Disney Holds Initial Talks on Sale of ABC to Local Broadcaster Nexstar

Walt Disney Co. has held exploratory talks about selling its ABC network and TV stations to local broadcaster Nexstar Media Group Inc., according to people familiar with the discussions.

(Bloomberg) — Walt Disney Co. has held exploratory talks about selling its ABC network and TV stations to local broadcaster Nexstar Media Group Inc., according to people familiar with the discussions.

The talks are preliminary and haven’t involved a specific valuation, according to one of the people, who asked not to be identified because the discussions aren’t public. Nexstar would only be interested at the right price.

Media mogul Byron Allen, who owns a string of TV outlets, has also had discussions with Disney about an acquisition of the network and its stations, according to another person, who was familiar with his involvement.

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Shares of Nexstar rose 5.5% to $157.85 at the close in New York. Disney gained 1.2% to $84.48. 

Disney, in a statement, said that while it’s still considering a variety of strategic options for its traditional TV businesses, the company has made “no decision with respect to the divestiture of ABC or any other property.” Nexstar declined to comment.

Tom Carter, Nexstar’s former president and now an adviser to its CEO and board, told investors at a Bank of America Securities conference Wednesday that the company is interested in acquiring assets from legacy media owners like Disney that are looking to restructure. Nexstar could acquire the ABC outlets with possibly only a few divestitures to stay within limits on broadcast station ownership, he said.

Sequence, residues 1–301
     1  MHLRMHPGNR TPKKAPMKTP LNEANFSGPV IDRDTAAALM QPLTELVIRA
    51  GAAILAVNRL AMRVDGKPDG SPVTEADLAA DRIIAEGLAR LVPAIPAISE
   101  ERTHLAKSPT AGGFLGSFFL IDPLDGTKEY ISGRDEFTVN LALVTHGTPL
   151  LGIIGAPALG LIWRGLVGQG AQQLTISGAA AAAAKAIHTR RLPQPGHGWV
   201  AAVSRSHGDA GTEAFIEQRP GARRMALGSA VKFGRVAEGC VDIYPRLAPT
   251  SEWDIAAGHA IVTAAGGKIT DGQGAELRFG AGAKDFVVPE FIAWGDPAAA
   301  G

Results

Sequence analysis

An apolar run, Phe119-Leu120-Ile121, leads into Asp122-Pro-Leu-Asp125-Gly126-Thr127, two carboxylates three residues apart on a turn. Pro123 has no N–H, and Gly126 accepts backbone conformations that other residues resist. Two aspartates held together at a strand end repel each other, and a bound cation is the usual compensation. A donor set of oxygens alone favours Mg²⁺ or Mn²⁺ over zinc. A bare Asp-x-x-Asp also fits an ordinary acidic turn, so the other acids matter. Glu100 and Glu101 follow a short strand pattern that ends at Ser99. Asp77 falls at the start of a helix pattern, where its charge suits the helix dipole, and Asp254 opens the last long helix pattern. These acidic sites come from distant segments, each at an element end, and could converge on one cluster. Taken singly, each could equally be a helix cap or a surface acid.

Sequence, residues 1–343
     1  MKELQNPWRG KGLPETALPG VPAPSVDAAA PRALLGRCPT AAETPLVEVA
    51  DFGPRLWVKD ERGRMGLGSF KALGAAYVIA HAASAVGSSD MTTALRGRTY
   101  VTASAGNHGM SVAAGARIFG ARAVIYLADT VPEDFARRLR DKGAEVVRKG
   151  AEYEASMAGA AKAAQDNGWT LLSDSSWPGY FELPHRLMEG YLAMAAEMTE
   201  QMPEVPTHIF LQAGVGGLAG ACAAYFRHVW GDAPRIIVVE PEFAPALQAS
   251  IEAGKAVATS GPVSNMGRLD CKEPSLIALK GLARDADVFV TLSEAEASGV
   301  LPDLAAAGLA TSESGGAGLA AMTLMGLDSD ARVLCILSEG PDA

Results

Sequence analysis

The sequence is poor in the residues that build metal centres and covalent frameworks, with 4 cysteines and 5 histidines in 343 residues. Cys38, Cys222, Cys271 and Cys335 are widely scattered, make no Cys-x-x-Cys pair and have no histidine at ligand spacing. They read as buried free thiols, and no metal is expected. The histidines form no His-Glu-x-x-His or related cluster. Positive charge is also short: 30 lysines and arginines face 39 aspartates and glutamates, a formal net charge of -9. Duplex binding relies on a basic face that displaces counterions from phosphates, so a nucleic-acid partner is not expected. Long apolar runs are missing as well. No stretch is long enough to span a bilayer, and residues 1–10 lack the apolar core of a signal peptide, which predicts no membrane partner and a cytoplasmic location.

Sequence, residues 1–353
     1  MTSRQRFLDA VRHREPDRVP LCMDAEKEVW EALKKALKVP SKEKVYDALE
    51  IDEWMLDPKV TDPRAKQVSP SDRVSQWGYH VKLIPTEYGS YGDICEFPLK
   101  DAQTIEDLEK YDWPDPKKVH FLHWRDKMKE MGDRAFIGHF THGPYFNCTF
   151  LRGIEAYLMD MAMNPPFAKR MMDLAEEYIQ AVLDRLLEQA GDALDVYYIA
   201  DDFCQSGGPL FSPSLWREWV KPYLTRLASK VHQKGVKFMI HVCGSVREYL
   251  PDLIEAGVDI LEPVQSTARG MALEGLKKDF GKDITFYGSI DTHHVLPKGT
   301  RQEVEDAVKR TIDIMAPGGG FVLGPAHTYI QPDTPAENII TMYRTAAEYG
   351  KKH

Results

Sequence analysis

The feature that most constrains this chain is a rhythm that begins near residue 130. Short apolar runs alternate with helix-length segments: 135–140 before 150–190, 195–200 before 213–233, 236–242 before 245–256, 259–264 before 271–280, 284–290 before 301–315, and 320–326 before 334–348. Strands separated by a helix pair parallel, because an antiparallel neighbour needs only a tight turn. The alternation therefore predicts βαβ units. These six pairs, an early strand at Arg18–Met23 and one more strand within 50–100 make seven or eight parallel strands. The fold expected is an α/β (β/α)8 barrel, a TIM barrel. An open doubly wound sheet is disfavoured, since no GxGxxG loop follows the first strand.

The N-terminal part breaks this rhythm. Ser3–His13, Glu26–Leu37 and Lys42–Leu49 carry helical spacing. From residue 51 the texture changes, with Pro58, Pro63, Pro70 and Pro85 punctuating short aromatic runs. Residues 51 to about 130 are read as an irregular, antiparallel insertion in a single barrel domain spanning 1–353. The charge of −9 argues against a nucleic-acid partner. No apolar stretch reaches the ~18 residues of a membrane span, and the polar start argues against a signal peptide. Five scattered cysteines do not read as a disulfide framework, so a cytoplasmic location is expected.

The adviser added that there are some complications to a sale. ESPN, Disney’s sports network, shares many of its telecasts with ABC.

“If you were to buy the ABC complex, how would that work going forward?” he said. “There’s a lot of questions that need to be answered there.”

He also said Nexstar, the largest US owner of TV stations, needs more guidance from Disney on what it wants to do. 

“They’ve got to be a little bit clearer in their thinking,” Carter said. “We can take direction, but we’re not necessarily out there leaning  into any of this stuff without a clear path.”

Disney Chief Executive Officer Bob Iger said in July that he is considering divesting traditional TV networks like ABC. Broadcast and cable channels have been losing viewers to streaming services such as Disney+ and Hulu.

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Nexstar, based in Irving, Texas, has 200 owned or partner TV stations in 116 markets, including many affiliated with Fox, NBC and CBS. The owners of those networks could object to the company buying ABC and its stations. 

Federal regulators have been challenging mergers in general. Earlier this year, the would-be buyer of TV station-owner Tegna Inc. dropped its bid in face of delays by the Federal Communications Commission.

“As Nexstar is already the largest owner and operator of local broadcast stations, we do not see how it can lawfully purchase the full suite of ABC stations given they are already at the national ownership cap,” Rob Thun, content chief officer at satellite-TV provider DirecTV, said in an emailed statement.

The two companies are in a contract renewal fight that’s led to blackouts of Nexstar stations on DirecTV systems.

Nexstar recently acquired majority ownership of the CW network from Warner Bros. Discovery Inc. and Paramount Global last year. It also owns NewsNation, a cable news channel.

ABC and the company’s eight TV stations could bring in $4 billion, according to estimates from Bloomberg Intelligence. That’s about seven times its roughly $575 million in earnings before interest, taxes, depreciation and amortization, analyst Geetha Ranganathan said.

–With assistance from Scott Moritz.

(Updates with Disney statement in fifth paragraph.)

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